The biggest question surrounding Sasaki as it pertains to MLB is when he would be able to make the jump to the MLB. If Sasaki were to wait until he would no longer be considered an international amateur free agent (IAFA) by MLB, Sasaki wouldn’t be able to play stateside until the 2027 season. However, if he decides to do what Shohei Ohtani did, and make the jump early while still being considered an IAFA, Sasaki could play in the MLB as early as the 2024 season, although he would be set to lose millions of dollars, plus the Chiba Lotte Marines would still have to be willing to post Sasaki to MLB. The most reasonable solutions for Sasaki are to wait until 2027 to come to the states, or to take the jump to MLB early and arrive in 2025 after his age 22 season, like Ohtani. Essentially, we don’t know when Sasaki would come over, but when he does, he will be a player every team would want.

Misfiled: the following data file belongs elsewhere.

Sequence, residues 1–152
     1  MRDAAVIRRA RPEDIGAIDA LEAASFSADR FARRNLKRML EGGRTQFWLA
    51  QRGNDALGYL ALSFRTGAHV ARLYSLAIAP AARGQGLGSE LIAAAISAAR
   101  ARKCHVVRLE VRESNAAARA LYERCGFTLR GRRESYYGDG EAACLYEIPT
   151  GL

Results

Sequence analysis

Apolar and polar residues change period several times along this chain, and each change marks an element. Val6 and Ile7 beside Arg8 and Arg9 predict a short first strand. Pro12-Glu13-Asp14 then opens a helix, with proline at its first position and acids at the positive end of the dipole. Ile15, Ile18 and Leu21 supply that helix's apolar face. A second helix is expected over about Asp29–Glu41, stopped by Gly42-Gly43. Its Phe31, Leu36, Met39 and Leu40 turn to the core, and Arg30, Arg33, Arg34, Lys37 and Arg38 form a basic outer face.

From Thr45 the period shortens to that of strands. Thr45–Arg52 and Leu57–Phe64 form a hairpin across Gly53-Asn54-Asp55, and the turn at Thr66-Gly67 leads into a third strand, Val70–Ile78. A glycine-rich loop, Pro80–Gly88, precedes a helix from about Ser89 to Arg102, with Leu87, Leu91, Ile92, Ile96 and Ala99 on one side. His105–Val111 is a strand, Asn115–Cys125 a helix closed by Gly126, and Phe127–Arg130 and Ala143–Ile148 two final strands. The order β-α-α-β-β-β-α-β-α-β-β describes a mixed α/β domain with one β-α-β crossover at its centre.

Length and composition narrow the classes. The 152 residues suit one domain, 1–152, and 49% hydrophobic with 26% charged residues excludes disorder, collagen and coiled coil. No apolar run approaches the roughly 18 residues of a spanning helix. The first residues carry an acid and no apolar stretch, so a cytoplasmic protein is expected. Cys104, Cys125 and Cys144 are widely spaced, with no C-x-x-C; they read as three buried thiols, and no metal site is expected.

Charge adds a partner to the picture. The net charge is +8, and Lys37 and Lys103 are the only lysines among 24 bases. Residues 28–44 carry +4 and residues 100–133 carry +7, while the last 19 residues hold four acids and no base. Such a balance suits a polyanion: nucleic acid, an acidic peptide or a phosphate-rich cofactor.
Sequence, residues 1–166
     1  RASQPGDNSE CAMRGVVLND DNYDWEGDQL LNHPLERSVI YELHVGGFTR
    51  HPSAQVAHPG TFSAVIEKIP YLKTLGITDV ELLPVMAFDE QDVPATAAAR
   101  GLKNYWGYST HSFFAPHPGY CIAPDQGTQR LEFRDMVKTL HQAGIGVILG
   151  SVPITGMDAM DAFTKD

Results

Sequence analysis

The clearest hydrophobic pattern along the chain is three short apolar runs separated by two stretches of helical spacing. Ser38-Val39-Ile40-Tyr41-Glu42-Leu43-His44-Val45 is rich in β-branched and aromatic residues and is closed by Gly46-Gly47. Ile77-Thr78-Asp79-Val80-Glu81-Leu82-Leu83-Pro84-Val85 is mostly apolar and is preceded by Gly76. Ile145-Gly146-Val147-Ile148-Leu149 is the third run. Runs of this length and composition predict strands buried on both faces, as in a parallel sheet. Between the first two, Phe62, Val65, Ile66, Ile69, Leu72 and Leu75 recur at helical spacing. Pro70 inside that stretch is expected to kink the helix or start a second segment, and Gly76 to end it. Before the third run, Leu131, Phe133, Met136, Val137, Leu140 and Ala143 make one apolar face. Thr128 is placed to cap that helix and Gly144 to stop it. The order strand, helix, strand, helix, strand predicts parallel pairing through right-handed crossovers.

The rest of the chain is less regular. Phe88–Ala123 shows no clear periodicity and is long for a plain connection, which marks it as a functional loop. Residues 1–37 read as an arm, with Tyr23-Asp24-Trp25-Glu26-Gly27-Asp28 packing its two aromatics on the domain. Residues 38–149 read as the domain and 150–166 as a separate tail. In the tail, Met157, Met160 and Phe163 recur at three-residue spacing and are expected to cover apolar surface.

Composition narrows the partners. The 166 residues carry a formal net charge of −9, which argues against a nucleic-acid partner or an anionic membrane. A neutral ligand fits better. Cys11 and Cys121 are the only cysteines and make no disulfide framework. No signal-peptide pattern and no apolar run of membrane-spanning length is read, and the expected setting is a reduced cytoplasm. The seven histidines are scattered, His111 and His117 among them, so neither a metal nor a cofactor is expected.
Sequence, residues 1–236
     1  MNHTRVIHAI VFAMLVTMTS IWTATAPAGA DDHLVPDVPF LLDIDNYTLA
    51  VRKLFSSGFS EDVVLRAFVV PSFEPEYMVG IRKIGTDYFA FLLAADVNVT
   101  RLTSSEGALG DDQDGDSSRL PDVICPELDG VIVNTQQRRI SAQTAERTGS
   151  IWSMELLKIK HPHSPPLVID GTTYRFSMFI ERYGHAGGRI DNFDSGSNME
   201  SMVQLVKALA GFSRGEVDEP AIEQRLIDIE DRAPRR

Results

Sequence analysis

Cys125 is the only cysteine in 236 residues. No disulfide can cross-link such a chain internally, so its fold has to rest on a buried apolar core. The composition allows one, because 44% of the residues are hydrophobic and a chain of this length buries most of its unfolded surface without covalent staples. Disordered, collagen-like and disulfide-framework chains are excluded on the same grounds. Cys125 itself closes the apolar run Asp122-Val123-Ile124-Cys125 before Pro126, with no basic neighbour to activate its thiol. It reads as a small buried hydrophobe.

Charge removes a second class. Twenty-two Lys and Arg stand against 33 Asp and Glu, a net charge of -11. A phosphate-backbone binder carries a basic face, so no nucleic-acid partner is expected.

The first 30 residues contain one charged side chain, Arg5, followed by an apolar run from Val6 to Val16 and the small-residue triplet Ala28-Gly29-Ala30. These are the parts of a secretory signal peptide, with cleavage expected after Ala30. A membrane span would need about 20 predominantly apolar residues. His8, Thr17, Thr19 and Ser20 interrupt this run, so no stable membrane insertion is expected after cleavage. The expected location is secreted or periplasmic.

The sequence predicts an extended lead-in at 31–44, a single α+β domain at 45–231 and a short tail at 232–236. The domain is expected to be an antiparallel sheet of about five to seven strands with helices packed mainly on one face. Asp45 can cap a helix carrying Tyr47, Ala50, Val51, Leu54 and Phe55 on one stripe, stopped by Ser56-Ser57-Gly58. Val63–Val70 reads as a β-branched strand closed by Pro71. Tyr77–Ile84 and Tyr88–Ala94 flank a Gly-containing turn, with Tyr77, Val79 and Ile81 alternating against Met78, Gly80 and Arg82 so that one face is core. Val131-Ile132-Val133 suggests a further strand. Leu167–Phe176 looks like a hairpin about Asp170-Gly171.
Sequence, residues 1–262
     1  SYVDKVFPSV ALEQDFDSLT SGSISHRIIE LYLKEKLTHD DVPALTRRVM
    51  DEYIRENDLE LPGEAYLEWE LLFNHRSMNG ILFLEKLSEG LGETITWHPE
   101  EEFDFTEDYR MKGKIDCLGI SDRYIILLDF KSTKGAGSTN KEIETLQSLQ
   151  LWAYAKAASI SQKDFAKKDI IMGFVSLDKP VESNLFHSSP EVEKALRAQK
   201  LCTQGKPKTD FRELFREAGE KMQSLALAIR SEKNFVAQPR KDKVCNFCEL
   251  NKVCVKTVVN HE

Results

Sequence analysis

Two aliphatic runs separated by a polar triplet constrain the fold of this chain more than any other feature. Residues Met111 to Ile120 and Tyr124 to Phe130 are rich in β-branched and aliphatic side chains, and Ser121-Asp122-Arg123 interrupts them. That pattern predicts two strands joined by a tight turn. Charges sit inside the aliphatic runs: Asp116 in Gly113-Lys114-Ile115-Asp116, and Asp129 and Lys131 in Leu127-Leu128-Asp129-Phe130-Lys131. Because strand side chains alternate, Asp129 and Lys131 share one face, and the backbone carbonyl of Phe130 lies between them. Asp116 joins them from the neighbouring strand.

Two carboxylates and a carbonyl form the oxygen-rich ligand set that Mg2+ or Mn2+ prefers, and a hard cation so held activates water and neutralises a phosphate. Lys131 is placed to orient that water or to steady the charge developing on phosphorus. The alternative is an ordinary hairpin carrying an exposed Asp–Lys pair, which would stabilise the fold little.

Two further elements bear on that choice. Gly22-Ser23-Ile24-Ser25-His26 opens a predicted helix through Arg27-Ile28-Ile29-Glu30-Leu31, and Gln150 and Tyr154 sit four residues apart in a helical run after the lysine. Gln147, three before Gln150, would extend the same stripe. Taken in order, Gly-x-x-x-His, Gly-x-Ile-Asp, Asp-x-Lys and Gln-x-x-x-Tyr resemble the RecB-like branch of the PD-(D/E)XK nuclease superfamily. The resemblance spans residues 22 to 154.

What separates Sasaki apart from others, especially in Japan, is his power fastball. In the WBC, we saw him reach 102 mph, and he has a nasty splitter to go along with it, plus a slider. Sasaki has all the tools to be a dominant force in Japan until he comes over, and this year he’s proving that, as in seven starts he has a 1.23 ERA. Plus, Sasaki has already outdueled Yamamoto once this year, in a game where the Chiba Lotte Marines defeated the Orix Buffaloes 2-0. The future is extremely bright for Sasaki, and whenever he comes over to MLB he has the talent to be a star for a long time.

Yuki Matsui

It's difficult to manage facial expressions... The only left-handed bullpen wanders, Japanese pitching staff exposed < World baseball < 기사본문 - SPOTV